That didn’t include Newport’s Pare, who plays football for the Tigers as a middle linebacker, fullback and kicker. He and Hodgdon rode in a 22-foot motorboat owned by volunteer coach John Hooper, who doubled as the Newport boat’s “captain” (someone over age 18 with a valid New Hampshire fishing licence).

“When we heard about it, we pretty much went right to (Newport AD Doug Beaupre’s) office to get started,” said Pare, who reeled in three of the Tigers’ five fish.

Newport’s team, which included another pair of anglers who didn’t participate Thursday, practiced on several Upper Valley-area bodies of water, most recently on Unity’s Crescent Lake. Sticking primarily to the Moultonborough Bay on the north side of Winnipisaukee on Thursday, the largest fish the Tigers caught weighed about 21/2 pounds.

“It’s been a lot of fun,” Hooper said. “Even after the championship, we want to keep it going for a little bit, maybe host Stevens and Kearsarge on Crescent Lake or something like that.”

Sunapee’s Harrington reeled in one of the biggest overall fishes Thursday, weighing 4.81 pounds. The junior caught the large mouth soon after the Lakers’ 8:30 a.m. departure.

“I caught it right off the bat, so I thought it was going to be a sign of things to come,” Harrington said. “Unfortunately, that’s not how it played out.”

The Cougars spent time in the classroom covering various angling techniques, as well as dry-land training casting into targets. Kearsarge also took to Little Lake Sunapee, Lake Sunapee and Grantham’s Eastman Lake to practice.

“We had some success in those lakes, but it’s a lot different in those lakes than it is here,” said Fitzgerald. “Just the sheer size (of Winnipisaukee) is a factor, because you could combine (the area of) all three lakes we practiced in, and it still wouldn’t be this big. Plus, this lake gets hammered with fishing tournaments almost every weekend, so I think it was a struggle for a lot of boats today.”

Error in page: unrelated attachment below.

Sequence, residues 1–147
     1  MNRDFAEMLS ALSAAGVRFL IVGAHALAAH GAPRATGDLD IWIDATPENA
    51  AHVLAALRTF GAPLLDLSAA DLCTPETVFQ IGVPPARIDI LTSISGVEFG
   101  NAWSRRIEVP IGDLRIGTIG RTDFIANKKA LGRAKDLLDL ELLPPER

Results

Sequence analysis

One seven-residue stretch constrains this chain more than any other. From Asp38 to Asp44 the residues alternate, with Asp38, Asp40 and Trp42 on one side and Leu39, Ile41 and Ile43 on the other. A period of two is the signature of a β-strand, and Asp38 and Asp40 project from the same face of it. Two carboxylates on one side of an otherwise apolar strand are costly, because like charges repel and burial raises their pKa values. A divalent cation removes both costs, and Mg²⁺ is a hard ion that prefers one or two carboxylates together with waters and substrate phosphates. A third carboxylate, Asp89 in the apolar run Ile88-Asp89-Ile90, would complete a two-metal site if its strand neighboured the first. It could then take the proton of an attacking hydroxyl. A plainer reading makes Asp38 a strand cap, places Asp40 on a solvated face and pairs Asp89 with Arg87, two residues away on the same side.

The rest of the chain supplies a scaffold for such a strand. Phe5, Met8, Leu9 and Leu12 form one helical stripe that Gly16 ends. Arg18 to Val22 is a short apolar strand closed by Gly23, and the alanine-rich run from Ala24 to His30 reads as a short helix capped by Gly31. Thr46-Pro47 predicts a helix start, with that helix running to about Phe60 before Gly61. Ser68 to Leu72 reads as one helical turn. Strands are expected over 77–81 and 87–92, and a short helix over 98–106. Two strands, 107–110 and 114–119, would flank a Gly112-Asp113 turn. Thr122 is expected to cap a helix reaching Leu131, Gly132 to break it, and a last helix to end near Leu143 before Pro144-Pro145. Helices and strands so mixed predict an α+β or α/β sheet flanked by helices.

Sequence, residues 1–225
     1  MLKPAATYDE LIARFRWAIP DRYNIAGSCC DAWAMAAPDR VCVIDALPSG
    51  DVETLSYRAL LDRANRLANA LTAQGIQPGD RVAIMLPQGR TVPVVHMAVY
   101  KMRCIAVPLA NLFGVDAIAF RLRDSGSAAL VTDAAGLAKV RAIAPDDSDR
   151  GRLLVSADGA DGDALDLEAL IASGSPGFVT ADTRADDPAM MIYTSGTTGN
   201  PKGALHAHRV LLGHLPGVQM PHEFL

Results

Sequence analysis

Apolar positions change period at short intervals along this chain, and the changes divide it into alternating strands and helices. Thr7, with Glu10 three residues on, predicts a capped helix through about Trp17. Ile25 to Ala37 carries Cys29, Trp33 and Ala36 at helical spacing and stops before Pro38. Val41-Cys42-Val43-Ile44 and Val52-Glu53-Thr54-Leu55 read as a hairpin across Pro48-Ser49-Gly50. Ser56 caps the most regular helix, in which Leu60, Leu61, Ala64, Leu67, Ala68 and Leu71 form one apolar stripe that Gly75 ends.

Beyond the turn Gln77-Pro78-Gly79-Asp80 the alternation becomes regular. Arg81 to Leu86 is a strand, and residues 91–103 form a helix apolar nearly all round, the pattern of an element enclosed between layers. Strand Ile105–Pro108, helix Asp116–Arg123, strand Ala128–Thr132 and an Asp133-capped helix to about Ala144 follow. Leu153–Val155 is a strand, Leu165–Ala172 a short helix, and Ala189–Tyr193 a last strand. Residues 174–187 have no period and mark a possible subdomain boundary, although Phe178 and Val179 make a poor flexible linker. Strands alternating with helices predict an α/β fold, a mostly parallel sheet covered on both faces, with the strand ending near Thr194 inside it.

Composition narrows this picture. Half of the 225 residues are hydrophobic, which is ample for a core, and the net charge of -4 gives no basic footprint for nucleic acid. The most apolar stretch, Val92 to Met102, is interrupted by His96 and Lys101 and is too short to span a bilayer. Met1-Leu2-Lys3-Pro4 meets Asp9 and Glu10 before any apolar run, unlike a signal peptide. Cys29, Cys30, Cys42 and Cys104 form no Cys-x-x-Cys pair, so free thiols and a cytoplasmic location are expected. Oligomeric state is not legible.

The Cougars’ boat patrolled waters about seven feet deep near a rock and a log for part of the day, with no luck. On the way back through later on, a rival boat had caught a big one at the same location.

“They had a captain who just knew exactly how to place the lure under the log, and it bit,” Fitzgerald said. “Some of the captains out here today were really experienced guys who have been fishing (competitively) for 20 years.”

Despite failing to make the championship tourney, the Cougars’ anglers felt the season was worthwhile.

“I knew almost nothing about fishing before this, now I know a lot,” said O’Neil, who’s been fishing with LaPrade since freshman year. “We’re a lot better off now as fishermen.”

Stevens, which only last week gained one-year school-board approval for fishing to be a varsity sport, did not hold any team practices this fall. Cardinals Athletic Director Aaron House said Stefan and Sprano were frustrated when they arrived on shore with no fish Thursday, but he’s excited about the potential for the sport at Stevens in the future. Competing at no cost to the school, according to House, the Cardinals angled from a boat donated by a Quechee resident.

“Next year, I think we’ll be much more organized,” said House. “Hopefully we’ll have some practices and we’d like to have at least one home tournament on the Connecticut River.”

Team scores: 1. Exeter 200; 2. Kingswood 198; 3. Milford 196; 4. Bedford 194; 5. Winnacunnet 192; 6. Prospect Mtn. 190; 7. Newport 188; 8. Alvirne 186; 9. Con-Val 184; 10. Moultonborough 182; 11. Bishop Brady 180.

Jared Pendak can be reached at jpendak@vnews.com or 603-727-3306.